It's Kalawao County….
RELATED: VIDEO: Obama says “Louisiana Purchase” will help with “Earthquake in Hawaii”
ADV: Homeless: New laws fine but more pressure needed
Hannemann has 10 days to act on the shopping cart and tent-permit bills and his spokesman says the mayor is taking the time to work out the details of enforcement.
We hope the mayor is also working out the details of a new approach to homelessness that puts pressure on the stubborn and highly visible campers who have taken advantage of the city's confusion and timidity. These people aren't interested in shelters or transitional housing, they simply want to live outside.
And for too long, by refusing to confront them, police and city officials have given them that option.
3 show interest in Star-Bulletin, so far: Publisher surprised by response, says he doesn't know investors' identities
He said the Star-Bulletin has lost more than $100 million — or more than $40,000 a day — since Black took over the newspaper nine years ago.
The potential investors do not include local car dealer Mike McKenna, who has decided against bidding on the newspaper after earlier expressing an interest.
Prospective buyers have until April 5 to submit a bid for the newspaper.
RELATED: Star-Bulletin annual sales at $17.4 million
Gene Ward: Massachusetts was a straw in the wind (Hawaii tax hikes could produce Djou victory)
If we examine all that was happening in Massachusetts at the time of Scott Brown's election to the U.S. Senate, we can see that there were some bad policies in motion that conditioned the electorate, and Hawaii seems determined to follow Massachusetts' lead….
Just months before Brown's election, the Massachusetts Legislature increased taxes by more than $1 billion. The state's sales tax was increased to 6.25 percent and extended to the retail sale of alcohol. The Legislature also created a new 0.75 percent local option tax on restaurant meals, and allowed municipalities to raise the room occupancy tax for hotels and motels. After sharp exchanges in each chamber over the tax increases, the House voted 110-46 for the budget and 31-8 in the Senate. All 21 Republicans in the legislature, including Brown, voted against it.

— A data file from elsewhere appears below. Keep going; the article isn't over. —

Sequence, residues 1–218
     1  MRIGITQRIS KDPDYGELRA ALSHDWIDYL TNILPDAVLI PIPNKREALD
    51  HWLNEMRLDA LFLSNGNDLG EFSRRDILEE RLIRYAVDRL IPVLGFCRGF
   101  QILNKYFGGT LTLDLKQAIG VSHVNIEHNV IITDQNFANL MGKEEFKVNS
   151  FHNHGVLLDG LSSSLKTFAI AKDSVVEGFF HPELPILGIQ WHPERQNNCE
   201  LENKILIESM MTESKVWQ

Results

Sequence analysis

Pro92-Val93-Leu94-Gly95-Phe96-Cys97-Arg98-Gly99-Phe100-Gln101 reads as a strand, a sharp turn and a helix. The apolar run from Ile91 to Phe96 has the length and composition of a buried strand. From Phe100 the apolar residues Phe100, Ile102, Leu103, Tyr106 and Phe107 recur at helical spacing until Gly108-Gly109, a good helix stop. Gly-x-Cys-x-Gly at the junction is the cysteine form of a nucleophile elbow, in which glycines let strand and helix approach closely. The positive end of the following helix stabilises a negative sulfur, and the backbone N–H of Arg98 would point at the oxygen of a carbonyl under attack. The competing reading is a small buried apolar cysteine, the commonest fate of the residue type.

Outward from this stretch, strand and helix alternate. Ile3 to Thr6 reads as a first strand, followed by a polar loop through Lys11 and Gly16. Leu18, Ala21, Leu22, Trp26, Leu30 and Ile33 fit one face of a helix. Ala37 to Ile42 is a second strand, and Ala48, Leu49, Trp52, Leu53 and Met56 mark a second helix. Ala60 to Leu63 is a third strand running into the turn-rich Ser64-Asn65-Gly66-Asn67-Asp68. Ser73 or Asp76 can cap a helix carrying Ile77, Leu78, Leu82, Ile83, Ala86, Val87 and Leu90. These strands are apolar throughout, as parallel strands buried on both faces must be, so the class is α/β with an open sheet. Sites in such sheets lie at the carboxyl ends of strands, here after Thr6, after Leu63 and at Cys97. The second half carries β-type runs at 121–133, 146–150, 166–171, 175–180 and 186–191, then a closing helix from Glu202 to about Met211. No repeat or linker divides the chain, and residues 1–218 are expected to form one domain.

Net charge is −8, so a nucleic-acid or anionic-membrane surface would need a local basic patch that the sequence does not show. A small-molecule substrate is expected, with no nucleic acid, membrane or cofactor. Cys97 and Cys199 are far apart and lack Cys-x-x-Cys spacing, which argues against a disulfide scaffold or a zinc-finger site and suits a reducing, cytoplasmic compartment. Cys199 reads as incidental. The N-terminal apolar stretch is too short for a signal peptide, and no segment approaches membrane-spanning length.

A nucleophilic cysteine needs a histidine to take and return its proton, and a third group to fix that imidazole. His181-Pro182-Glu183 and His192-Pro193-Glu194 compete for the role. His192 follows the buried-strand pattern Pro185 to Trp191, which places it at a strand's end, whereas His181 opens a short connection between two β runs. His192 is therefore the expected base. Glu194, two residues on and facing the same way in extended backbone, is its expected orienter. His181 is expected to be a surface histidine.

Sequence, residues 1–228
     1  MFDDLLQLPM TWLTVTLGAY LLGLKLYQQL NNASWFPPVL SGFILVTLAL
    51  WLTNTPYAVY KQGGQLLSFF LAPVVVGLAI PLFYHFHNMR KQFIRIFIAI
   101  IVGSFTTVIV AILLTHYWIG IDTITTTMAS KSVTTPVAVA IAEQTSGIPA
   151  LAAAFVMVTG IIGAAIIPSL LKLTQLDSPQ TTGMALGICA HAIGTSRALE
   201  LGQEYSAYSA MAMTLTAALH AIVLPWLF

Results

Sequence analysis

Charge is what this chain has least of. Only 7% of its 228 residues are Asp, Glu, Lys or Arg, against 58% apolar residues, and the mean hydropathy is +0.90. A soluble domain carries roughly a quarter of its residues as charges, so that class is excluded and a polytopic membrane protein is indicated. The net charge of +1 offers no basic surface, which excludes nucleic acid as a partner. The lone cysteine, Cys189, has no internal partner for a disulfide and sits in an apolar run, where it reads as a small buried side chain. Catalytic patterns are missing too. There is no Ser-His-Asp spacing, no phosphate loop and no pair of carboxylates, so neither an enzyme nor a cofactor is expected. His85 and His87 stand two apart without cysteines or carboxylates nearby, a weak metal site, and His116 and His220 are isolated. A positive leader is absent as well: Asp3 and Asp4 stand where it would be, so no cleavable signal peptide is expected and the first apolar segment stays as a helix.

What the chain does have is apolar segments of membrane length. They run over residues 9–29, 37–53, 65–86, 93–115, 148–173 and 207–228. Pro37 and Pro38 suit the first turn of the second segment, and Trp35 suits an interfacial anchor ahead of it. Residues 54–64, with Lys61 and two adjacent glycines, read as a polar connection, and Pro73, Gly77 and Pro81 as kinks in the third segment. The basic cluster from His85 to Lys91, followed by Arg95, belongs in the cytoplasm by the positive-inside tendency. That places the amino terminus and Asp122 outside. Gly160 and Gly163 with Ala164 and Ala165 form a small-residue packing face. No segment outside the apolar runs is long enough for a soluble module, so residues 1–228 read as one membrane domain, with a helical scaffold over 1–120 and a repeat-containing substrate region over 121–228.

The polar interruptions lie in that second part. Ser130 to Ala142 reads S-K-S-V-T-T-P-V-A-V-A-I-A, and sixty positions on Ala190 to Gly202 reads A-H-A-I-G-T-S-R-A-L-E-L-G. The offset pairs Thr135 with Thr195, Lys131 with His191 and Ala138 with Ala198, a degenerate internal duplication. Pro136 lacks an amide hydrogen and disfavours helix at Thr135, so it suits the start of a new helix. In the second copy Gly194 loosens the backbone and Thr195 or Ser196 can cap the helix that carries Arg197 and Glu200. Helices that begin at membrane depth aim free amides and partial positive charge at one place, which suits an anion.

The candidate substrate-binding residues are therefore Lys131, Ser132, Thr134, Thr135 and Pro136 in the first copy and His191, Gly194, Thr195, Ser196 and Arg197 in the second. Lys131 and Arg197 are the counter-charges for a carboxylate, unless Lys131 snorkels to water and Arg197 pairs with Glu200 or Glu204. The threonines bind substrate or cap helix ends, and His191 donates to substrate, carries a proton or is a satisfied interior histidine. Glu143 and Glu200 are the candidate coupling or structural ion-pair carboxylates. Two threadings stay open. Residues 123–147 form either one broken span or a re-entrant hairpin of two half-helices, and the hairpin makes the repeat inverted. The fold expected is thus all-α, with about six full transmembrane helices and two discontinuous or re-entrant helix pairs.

Earthjustice: Solar Energy Foes Try to 'Block' Sun
In Hawaii, for example, Earthjustice is taking on a blatant effort by the state's largest utility to block homes and businesses from installing rooftop solar panels, a move that could strangle Hawaii's burgeoning homegrown solar industry, prevent residents and businesses from saving money, and keep the state addicted to imported oil.
Totally Related: Wind Energy's Ghosts
Crash sparks calls to ban truck-bed riders
Every year since 1998, state Rep. Barbara Marumoto has introduced legislation to ban passengers from riding in the back of pickup trucks.
And every year, the bill has died without getting a hearing, mostly because of opposition from neighbor island lawmakers.
The bills are unlikely to advance this year, but Wednesday night's fatal crash involving a 13-year-old boy riding in a pickup truck bed is reviving calls for tougher laws.
Inst for Highway Safety: http://www.iihs.org/laws/cargoAreas.aspx
Businesses Hit Hard by Costly Jones Act Regulations
Big Island small business owner Jim O'Keefe found out the hard way that his American dream, owning his own business, was too difficult to maintain in Hawaii. He closed down his 13-year-old extensive bakery wholesale and retail operation, O’Keefe & Sons Bread Bakers, in 2008 because it was too costly to maintain….
The Senate's proud porkers
Senate Appropriations Committee Chairman Daniel Inouye (D-Hawaii), a self-avowed “king of earmarks,” led the battle last week by fiercely pushing back at any suggestions that he restrict earmarks, insisting that the process is now being done in a transparent fashion and has been limited significantly in recent years. He reiterated those views in a private lunch with Senate Democrats Tuesday.